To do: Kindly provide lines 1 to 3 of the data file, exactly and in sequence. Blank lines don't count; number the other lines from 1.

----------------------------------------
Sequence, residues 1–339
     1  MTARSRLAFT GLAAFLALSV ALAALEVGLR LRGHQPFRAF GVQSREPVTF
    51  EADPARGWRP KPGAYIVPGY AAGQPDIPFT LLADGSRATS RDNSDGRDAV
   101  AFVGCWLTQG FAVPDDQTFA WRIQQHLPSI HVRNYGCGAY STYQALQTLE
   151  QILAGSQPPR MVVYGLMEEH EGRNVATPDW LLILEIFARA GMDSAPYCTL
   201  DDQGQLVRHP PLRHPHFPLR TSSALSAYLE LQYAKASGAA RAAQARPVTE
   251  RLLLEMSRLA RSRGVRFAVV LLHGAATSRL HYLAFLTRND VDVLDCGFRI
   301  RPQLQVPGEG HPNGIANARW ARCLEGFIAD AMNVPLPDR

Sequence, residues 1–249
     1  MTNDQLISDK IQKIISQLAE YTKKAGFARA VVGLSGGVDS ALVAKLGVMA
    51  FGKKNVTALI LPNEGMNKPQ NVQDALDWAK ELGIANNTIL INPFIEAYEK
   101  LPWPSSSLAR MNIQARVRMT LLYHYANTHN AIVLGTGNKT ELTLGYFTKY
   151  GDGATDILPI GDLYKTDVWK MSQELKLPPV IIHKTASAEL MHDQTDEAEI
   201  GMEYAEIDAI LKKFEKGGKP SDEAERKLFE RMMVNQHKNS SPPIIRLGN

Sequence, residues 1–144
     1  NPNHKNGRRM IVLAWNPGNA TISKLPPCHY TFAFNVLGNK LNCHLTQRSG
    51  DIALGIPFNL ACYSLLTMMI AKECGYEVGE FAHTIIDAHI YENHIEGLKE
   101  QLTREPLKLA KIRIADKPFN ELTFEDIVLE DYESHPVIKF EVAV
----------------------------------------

Sequence, residues 1–339
     1  MTARSRLAFT GLAAFLALSV ALAALEVGLR LRGHQPFRAF GVQSREPVTF
    51  EADPARGWRP KPGAYIVPGY AAGQPDIPFT LLADGSRATS RDNSDGRDAV